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State Attorney General Challenges Olympic Flag Rule

June 27, 1996

ATLANTA (AP) _ The state’s attorney general said Thursday that an Olympic rule barring fans from waving unauthorized banners _ such as the Confederate flag _ violates free-speech rights and shouldn’t be enforced by state police.

Only the national flags of participating countries are allowed at events, the Atlanta Committee for the Olympic Games has ruled. People with unauthorized flags will be barred from entering or ejected.

The committee insists the rule isn’t aimed at flags that many people consider racist, such as the Confederate flag and the Georgia state flag, which includes elements of the Confederate flag.

The Georgia state flag flies outside state-owned venues now and will continue to fly there during the games next month. But during the games, a pre-1956 state flag that doesn’t include the stars-and-bars associated with the confederacy will be flown at the airport and city hall.

``A lot of people want to put in our mouths that we’re not flying the flag for some political reasons. That hasn’t got anything to do with it,″ said ACOG spokesman Dick Yarbrough. ``This is what the IOC requires.″

But Attorney General Mike Bowers said Thursday that ACOG’s power to enforce the ban is questionable, and that state law enforcement officers who help with Olympic security should not help to enforce it.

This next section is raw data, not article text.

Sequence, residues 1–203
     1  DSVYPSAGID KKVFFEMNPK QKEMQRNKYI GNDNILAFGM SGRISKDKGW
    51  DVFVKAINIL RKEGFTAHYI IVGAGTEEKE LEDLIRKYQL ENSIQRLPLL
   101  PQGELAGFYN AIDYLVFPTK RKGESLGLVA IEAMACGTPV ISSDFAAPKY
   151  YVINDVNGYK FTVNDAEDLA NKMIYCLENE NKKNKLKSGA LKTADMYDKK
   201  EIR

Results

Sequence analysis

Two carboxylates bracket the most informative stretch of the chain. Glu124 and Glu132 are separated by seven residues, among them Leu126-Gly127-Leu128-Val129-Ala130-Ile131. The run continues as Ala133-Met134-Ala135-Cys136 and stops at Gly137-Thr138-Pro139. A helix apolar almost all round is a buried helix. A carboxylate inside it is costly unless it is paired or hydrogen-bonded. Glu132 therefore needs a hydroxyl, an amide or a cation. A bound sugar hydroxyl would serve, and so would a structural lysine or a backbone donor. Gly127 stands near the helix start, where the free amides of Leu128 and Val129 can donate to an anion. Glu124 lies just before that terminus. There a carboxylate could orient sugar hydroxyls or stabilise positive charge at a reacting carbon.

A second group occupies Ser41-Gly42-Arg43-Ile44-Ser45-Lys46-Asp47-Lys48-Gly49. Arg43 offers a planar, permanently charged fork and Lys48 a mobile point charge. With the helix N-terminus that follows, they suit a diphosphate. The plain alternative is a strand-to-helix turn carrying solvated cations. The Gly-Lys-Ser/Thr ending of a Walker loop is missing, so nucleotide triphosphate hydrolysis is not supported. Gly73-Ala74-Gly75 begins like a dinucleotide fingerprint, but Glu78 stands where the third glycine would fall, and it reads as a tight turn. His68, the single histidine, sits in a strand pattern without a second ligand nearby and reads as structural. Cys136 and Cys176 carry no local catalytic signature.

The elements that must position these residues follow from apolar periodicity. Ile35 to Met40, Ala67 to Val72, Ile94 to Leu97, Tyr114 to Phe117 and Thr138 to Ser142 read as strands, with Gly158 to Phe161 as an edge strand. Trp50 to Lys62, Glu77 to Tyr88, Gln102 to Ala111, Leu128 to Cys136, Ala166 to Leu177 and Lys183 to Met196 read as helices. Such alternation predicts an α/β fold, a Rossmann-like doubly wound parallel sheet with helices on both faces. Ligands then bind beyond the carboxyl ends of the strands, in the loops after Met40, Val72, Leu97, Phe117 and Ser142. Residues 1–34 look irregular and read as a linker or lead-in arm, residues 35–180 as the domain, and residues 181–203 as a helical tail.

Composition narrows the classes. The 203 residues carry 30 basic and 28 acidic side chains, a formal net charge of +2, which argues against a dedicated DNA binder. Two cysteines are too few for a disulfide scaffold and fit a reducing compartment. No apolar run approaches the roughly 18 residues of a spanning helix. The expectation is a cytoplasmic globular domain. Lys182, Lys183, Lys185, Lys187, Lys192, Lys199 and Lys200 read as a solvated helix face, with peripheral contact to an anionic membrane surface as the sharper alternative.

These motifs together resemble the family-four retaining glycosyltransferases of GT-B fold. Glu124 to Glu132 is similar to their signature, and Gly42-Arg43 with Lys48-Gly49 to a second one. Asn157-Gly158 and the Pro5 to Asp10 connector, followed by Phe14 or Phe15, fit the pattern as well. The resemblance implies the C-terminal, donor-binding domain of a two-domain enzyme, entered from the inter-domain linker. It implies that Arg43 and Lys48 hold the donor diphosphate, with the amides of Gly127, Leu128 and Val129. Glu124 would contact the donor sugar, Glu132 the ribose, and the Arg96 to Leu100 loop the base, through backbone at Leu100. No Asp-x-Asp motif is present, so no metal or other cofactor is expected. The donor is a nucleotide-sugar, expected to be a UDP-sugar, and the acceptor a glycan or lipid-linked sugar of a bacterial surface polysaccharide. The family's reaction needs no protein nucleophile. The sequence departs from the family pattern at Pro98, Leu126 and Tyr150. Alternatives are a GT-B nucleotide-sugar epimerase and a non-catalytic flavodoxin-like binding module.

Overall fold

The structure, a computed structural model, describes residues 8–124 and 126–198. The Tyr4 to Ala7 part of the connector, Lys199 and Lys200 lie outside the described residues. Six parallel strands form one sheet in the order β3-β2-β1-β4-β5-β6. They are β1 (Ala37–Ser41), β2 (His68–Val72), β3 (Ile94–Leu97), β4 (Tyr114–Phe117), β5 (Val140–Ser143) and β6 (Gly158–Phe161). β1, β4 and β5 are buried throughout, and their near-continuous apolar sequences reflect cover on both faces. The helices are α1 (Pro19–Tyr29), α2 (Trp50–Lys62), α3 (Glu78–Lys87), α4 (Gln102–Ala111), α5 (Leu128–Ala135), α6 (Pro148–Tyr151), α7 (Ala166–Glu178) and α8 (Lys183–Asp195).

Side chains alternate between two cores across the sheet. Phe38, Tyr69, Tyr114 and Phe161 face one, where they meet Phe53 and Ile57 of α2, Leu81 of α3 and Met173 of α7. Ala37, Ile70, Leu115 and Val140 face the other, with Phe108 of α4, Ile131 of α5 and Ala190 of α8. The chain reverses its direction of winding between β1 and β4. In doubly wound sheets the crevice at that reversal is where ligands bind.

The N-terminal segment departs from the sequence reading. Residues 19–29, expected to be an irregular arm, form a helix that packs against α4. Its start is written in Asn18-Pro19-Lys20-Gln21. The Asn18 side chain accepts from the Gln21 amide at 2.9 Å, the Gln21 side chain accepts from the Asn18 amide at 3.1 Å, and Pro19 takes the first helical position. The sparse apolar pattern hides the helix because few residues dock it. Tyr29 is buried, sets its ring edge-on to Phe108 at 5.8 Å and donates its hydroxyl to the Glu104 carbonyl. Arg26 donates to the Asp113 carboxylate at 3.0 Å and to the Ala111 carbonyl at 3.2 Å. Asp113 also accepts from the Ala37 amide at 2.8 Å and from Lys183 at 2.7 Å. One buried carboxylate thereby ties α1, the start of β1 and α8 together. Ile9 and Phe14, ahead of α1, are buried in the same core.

Bowers’ announcement was hailed by Charles Lunsford, spokesman for a pro-flag group offering free legal help to anyone barred by Olympic officials from waving the state flag.

``We’ve been watching what ACOG has done for some time, and we find it terribly disturbing they would express such arrogance as to have such an event in the middle of the South and do everything they can to hide the fact they’re in the South,″ he said.

Yarbrough said the ACOG would review Bowers’ statement.

``It’s our intent to obey the law,″ said Yarbrough. ``This opinion from the attorney general is helpful in that regard ... We really do need to see it before we start talking about what we will and won’t do.″

State Rep. Tyrone Brooks, an Atlanta Democrat and veteran of the civil rights struggle of the 1960s, said the flag belongs in a museum.

``This is not an historic flag,″ Brooks said. ``This is a flag that was changed as an act of defiance against school integration and voting rights for African-Americans.″

The Confederacy’s fighting banner was added to the state flag in 1956 by a Legislature fuming over school desegregation rulings, although its defenders insist the flag merely honors the bravery of Southern soldiers.

Gov. Zell Miller sought to remove the emblem in 1993 but was blocked by the Legislature and only narrowly won re-election the next year.

It wasn’t the first time Bowers, a Republican and likely gubernatorial candidate himself, has vexed officials preparing for the games.

In March, he declared that Atlanta was ``almost a war zone″ because of its crime. ``I imagine over the past 30 days we’ve had more murders in Atlanta than Sarajevo,″ he said.

The statement brought a sharp retort from Mayor Bill Campbell, who said the comments were ``reckless, irresponsible and inaccurate.″

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